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Flow-Through Shares for Cleantech and Biotech in Canada

800px-SieveRick Sutin, a partner at Ogilvy Renault (my home-away-from-home), has a post up at Cleantech in Canada singing the praises of flow-through shares.

So far, the flow-through program in Canada has been available (mainly) to resource exploration and development companies, but we have been arguing for a while that the program would be ideal for Cleantech and Biotech as well.

Why? See if any of these points sound familiar to a Biotech audience:

  1. Success comes from discovery and development programs, and relies on large amounts of high risk venture capital where revenues are uncertain and remote; flow-through shares filled the gap for resource exploration by providing venture capital at premium valuations through the public markets.
  2. Flow-through shares have made Canada’s capital markets the recognized global leader in resource finance and home to more resource companies than any other country in the world. The Canadian industry now develops and attracts the top resource management talent in the world.
  3. Government participates not by picking potential winners, but by giving private sector investors a tax incentive to make those choices and take those risks.

Here’s how flow-through shares work:

A company that issues flow-through shares must spend the proceeds on qualifying expenditures in Canada.  The expenditures are then renounced by the issuer to its investors, who can treat the expenditures as if they made them themselves.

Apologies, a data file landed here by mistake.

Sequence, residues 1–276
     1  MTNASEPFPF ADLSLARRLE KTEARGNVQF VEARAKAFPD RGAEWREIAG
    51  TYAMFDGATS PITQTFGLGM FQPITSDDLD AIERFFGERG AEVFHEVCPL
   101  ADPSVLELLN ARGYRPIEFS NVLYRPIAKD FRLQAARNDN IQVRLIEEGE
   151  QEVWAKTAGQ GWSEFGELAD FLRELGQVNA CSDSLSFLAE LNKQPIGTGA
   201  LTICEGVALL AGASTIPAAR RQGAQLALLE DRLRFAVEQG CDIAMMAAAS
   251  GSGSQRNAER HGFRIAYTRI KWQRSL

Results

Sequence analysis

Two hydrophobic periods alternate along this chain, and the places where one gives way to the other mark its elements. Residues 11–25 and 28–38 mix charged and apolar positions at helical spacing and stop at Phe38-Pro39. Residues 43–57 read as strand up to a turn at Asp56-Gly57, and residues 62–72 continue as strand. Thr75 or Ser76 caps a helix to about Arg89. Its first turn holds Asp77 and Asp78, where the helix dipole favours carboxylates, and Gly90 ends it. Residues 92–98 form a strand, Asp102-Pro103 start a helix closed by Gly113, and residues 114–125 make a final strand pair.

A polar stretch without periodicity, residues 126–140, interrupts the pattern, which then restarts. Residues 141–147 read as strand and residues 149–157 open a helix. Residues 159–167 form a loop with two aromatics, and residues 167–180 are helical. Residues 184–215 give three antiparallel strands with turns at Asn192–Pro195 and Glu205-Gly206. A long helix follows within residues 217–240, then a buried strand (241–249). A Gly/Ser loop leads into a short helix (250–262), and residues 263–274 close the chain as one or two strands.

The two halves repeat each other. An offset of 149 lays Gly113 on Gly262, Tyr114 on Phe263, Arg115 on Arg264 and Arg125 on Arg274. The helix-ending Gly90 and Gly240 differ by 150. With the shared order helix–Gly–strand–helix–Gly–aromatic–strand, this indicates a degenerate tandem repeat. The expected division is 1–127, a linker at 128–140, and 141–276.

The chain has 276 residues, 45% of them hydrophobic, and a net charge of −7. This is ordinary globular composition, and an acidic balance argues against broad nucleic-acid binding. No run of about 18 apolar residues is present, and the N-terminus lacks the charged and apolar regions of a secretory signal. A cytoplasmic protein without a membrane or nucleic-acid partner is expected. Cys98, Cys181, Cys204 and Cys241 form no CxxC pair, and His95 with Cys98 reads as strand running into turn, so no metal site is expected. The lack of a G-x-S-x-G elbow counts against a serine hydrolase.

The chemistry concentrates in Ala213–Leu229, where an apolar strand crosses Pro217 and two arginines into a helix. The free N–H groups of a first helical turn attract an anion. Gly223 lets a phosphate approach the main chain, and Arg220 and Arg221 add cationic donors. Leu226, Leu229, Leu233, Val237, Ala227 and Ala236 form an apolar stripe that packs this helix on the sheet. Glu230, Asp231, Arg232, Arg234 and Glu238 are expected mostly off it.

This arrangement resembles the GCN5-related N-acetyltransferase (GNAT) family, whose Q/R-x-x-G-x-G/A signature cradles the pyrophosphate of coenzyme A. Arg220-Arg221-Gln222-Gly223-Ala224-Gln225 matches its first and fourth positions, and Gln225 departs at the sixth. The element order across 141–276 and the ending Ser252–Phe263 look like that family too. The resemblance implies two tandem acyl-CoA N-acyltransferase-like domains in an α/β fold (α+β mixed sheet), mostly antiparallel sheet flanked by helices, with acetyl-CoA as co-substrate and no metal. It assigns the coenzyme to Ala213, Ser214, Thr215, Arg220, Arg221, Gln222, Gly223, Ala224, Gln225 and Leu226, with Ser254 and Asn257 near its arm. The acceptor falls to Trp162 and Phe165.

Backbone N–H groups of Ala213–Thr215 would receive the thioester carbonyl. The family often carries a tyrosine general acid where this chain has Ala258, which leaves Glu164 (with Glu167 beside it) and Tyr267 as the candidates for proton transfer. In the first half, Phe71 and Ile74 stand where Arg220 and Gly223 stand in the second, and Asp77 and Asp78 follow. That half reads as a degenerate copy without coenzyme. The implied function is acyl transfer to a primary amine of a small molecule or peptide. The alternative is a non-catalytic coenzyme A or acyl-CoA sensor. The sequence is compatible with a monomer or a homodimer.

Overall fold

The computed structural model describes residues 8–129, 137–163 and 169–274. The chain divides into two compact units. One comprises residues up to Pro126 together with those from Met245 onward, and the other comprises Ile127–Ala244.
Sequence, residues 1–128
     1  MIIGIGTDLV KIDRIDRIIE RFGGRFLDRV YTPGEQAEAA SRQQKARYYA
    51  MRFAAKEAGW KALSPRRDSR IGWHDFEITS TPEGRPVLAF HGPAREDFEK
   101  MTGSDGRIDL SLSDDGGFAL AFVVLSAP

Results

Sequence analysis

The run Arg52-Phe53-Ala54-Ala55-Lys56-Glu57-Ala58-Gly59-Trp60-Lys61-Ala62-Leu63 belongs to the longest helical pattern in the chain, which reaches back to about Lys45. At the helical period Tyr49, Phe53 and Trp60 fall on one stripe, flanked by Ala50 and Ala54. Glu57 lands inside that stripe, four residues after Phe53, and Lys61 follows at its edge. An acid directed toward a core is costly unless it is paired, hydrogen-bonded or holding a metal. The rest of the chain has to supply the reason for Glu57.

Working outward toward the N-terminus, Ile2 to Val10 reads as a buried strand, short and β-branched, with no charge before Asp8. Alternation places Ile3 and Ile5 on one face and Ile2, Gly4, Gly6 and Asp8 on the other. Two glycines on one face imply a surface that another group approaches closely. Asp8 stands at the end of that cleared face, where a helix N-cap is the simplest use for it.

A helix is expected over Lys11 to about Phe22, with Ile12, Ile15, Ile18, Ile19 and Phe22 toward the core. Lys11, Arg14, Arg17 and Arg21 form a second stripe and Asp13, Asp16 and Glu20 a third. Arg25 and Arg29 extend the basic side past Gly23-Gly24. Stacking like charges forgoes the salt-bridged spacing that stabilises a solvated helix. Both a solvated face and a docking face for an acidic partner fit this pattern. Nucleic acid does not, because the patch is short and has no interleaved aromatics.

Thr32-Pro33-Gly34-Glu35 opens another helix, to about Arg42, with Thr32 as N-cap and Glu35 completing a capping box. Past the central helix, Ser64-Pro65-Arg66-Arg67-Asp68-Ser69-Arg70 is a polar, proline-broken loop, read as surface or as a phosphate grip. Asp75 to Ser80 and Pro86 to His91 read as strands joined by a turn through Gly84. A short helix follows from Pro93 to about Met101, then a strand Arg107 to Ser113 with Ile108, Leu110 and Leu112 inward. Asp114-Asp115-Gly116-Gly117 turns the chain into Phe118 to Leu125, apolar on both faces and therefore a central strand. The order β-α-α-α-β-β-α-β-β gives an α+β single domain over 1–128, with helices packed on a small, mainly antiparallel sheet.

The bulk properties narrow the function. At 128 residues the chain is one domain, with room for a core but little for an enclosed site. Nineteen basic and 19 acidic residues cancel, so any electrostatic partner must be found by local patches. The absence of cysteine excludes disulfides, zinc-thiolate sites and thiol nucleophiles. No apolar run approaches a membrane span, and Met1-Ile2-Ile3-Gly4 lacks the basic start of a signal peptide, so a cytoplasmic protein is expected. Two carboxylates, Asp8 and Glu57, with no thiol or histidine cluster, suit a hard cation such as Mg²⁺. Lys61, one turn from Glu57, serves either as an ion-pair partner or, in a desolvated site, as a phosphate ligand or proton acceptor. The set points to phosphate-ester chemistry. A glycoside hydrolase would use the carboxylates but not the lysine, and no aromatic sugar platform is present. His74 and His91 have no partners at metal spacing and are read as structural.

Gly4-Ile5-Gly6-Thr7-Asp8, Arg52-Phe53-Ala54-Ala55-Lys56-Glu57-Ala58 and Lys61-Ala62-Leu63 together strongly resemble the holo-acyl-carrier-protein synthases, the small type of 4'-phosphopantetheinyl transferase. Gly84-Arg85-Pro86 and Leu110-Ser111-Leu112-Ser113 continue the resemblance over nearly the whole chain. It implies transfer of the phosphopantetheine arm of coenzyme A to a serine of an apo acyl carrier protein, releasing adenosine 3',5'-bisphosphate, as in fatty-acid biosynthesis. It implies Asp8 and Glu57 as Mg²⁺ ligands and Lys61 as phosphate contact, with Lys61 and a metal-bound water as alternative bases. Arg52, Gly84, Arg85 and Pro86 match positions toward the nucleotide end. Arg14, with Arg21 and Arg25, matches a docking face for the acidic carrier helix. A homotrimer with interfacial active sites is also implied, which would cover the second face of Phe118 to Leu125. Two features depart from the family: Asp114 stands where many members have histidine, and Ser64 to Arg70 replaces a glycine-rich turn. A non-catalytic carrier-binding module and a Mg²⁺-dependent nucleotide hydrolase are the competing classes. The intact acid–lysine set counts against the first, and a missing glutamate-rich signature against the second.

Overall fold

How does it look from government’s perspective?

The government incurs an expense by foregoing tax that would otherwise be paid by the investors. However, the government recoups tax revenues from the recipients of the expenditures that would otherwise not have been made without this program and on the subsequent sale of shares, as the tax cost of shares is reduced to zero in the hands of the investors.

This is one of the few government programs that has successfully run for 20 years, contributing to Canada’s dominance in a significant sector without any problems or abuse.

A good deal all around.

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Canada — and MaRS — Draw Notice on List of Biotechnology Clusters

world_map_2002A report at Genetic Engineering and Biotechnology News, picked up today by FierceBiotech, discusses emerging biotechnology clusters.  It’s worth excerpting the whole bit on Canada:

Both Toronto and Vancouver have good, small companies, but they’re struggling for capital. They have the benefit of government support and strong universities, particularly the University of Toronto, the University of Guelph, and the University of British Columbia. Entrepreneurship skills need to be honed, however.

In the heart of Toronto, the MaRS Center incubates a host of companies within about a mile of five teaching hospitals, the University of Toronto, the provincial parliament, and the financial district. The local government takes a close interest in the Center’s success, and several promising research projects are moving toward commercialization.